Although the system is envisioned as an aid to drivers, giving them recommendations about how to proceed at an intersection, it is really an advance in driving automation. That is, cars will, in effect, see around corners and thus be in a better position to control the car than the driver is in. A recommendation such “Stop! A car may be about to run the red light ahead!” about two seconds before the event will be of little use to a driver and, indeed, could just cause alarm and panic. It would be better for the car simply to slow itself down while informing the driver of what is happening.
Of course, the situation in which a car is constantly intervening in the control of the car will be very frustrating for drivers. Think of the recent Eco-Pedal by Nissan, a gas pedal that pushes back if the driver pushes too hard on it. The idea is to save fuel, but many drivers will likely find this sort of negative feedback too interfering and just turn it off.
As ever, there is also the possibility that such a safety system will create an incentive for drivers to behave badly. In this case, if someone thinks that most other cars on the road have this system installed, they may think it less risky to run a red light. After all, the safety gear in other cars will take care of the problem. Risk compensation strikes again.
In addition, we have to consider what sorts of bias might be present in how the system operates. Although it seems to be highly accurate, it will make mistakes. As a safety system, I assume that drivers who have the system installed in their cars will want to minimize false negatives, that is, instances where the system falsely concludes that another driver intends to obey the red light when, in fact, he will run it. This bias will help to reduce t-bone collisions in intersections. However, this bias will allow relatively more false positives, that is, instances where the system falsely concludes that another driver intends to run the red light when, in fact, he will obey it. In those cases, cars with the safety system will slow or stop needlessly when faced with a green light. This will reduce traffic flow and could result in rear-end collisions as drivers further back fail to anticipate this outcome. How shall we program the cars to deal with these conflicting interests?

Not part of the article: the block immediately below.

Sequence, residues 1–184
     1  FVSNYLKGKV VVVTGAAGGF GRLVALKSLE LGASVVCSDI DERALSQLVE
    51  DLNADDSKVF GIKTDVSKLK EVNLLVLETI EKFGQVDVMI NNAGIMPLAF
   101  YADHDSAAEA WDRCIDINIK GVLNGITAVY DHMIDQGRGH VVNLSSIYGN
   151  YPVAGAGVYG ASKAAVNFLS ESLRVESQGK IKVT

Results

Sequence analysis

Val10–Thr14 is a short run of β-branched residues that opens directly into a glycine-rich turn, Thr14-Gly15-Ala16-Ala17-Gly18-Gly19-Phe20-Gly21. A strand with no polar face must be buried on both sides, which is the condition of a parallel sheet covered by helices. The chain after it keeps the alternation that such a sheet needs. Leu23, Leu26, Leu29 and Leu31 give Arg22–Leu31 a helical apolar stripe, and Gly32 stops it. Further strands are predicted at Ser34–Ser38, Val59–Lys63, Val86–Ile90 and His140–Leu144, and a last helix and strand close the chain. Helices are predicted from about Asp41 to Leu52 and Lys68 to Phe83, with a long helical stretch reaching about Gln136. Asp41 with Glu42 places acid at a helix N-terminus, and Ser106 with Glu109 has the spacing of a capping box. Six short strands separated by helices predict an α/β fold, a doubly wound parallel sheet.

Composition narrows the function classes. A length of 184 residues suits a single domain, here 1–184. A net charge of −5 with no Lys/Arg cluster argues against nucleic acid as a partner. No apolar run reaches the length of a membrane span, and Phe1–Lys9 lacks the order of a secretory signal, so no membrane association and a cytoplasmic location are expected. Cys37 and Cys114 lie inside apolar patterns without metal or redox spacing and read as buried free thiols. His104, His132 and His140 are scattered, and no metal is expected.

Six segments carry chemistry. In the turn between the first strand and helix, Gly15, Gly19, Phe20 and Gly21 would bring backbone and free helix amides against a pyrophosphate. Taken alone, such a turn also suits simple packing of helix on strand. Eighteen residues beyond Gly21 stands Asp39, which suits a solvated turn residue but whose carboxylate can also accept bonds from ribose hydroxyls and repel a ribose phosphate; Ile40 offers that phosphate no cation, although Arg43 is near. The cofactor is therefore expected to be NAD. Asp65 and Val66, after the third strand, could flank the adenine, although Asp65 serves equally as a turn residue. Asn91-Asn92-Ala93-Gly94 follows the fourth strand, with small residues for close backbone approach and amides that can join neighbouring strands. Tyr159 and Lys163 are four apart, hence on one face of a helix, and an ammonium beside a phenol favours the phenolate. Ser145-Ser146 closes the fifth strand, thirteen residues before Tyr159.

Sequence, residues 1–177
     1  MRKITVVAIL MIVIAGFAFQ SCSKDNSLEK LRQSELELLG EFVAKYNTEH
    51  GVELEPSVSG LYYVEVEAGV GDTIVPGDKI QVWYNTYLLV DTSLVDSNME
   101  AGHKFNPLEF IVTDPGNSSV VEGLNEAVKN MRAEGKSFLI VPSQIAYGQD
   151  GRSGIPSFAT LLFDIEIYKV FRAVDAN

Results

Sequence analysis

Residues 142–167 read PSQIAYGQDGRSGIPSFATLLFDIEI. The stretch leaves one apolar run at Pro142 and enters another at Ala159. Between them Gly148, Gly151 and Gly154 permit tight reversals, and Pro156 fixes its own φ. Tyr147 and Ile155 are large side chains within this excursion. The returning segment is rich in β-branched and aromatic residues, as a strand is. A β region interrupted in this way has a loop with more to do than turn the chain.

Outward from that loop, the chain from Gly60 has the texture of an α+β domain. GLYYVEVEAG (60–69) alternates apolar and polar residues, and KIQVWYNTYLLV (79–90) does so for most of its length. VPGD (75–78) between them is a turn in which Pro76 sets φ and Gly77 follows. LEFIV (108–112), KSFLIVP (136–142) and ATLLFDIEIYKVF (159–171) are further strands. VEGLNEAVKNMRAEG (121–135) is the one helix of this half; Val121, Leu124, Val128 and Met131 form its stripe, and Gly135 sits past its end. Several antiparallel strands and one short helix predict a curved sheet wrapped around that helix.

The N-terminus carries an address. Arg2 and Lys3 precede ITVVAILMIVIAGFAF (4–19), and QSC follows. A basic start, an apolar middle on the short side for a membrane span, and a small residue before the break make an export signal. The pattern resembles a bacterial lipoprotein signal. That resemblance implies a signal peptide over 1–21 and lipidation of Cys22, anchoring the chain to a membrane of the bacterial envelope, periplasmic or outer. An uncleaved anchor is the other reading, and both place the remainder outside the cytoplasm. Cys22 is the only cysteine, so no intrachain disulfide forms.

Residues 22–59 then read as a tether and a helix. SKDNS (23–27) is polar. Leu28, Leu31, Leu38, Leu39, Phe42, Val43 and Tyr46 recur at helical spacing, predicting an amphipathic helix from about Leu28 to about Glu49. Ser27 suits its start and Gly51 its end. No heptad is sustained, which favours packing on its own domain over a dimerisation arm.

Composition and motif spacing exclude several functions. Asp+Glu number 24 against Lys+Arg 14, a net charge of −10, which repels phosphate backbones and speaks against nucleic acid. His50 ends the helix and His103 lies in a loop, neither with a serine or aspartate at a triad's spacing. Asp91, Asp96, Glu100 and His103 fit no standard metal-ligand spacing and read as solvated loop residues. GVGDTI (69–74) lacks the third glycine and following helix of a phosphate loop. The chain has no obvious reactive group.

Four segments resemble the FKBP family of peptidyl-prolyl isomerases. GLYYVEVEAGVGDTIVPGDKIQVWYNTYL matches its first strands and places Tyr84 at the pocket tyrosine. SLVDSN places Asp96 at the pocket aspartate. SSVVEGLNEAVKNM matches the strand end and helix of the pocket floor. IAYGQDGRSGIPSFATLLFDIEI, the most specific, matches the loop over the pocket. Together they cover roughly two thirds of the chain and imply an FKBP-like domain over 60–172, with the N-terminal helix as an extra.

Finally, when we have cars programmed to do all the driving for drivers, they may start to wonder why we have traffic lights at all.
Danger! Texting! December 1, 2011Posted by Cameron Shelley in : STV202, STV302 , comments closed
From Technology Review comes this brief article about a smartphone app that warns its users of approaching cars. The app is called WalkSafe and is being developed by researchers at Dartmouth College.
This device brings to mind to a trope about how people distracted by their gadgets do dumb things, and how they may be protected from their folly. In 2006, there was Rick Mercer’s Blackberry helmet to protect the addled craniums of Blackberry addicts. In 2008, there was a story about padding lampposts in London to soften the blow as Blackberry addicts walked heedlessly into them. Earlier this year, there was the actual story of a woman who fell into a fountain in a shopping mall while texting, which was captured by CCTV cameras and posted to YouTube. More recently, Rick Mercer ranted about the people he almost ran over while they crossed the street, texting without looking: